Aimee Copeland, Flesh-Eating Disease Victim, Released From Hospital

Aimee Copeland, the 24-year-old Georgia woman who has battled a flesh-eating bacteria for the past two months, was released from a hospital Monday.

Copeland, who lost her left leg, right foot and both hands to the rare infection, called necrotizing fasciitis, will move to an inpatient rehabilitation clinic where she will spend the next several weeks learning to move herself using a wheelchair.

“Aimee is very anxious to begin rehabilitation and learn to function more independently,” said Aimee’s father Andy Copeland. “This next step is her opportunity to go (to) the next phase and learn something, be able to rehabilitate and basically relearn her life skills. She needs to be able to develop the autonomy to be able to transfer from her bed to a wheelchair to the shower to the bathroom or anywhere else in the house. And she can do it.”

Copeland’s ordeal began May 1 when she was riding a zip-line across the Little Tallapoosa River, about 50 miles west of Atlanta. The line snapped, and she fell and suffered a deep gash in her left calf that took 22 staples to close.

After complaining of intense pain several days after her wound was stitched up, Copleand was brought back to the hospital where doctors determined she had the rare flesh eating disease caused by the bacteria Aeromonas hydrophila.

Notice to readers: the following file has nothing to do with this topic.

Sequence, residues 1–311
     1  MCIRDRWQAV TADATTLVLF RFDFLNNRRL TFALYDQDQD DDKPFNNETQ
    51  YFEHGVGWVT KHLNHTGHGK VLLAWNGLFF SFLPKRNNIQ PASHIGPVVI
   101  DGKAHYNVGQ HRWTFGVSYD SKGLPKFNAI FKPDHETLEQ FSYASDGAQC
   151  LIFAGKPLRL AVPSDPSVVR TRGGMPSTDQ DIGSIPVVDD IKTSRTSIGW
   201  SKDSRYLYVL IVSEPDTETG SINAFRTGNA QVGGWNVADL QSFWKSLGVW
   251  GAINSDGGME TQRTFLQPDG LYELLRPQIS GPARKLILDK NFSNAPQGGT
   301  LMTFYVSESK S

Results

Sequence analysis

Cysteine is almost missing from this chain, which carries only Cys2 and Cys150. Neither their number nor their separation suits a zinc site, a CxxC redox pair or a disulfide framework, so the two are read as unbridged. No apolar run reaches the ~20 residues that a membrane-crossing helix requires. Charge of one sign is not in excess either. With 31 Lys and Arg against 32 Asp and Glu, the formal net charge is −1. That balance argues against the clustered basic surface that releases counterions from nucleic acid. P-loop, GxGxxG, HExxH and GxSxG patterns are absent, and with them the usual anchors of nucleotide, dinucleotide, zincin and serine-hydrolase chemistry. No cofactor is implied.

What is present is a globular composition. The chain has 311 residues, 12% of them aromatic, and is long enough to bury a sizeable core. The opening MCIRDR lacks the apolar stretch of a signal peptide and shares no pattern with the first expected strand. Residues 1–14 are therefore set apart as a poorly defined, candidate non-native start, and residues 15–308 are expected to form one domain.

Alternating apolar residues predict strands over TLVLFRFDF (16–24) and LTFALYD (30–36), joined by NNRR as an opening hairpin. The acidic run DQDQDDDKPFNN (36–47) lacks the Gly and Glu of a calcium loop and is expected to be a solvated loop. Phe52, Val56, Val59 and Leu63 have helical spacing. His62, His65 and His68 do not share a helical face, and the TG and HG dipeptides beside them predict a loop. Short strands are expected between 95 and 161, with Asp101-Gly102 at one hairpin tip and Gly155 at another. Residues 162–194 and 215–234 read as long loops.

According to ABC News, Copeland’s speedy recovery has defied doctors’ initial prognosis. Her father has said previously that at first, doctors gave her little chance of survival. Aimee Copeland was sedated for weeks, breathing on a respirator while she underwent amputations and skin grafts as part of her recovery.

A week ago, hospital officials upgraded Copeland’s condition from serious to good. Her parents last weekend were able to take her outside the hospital’s doors in her wheelchair — her first time outdoors since she arrived at the hospital in May.

In an interview on CNN on Wednesday, Aimee Copeland’s family said they plan to build an addition to their Snellville home that has one floor to accommodate all of her needs by the time she returns home.

via USA Today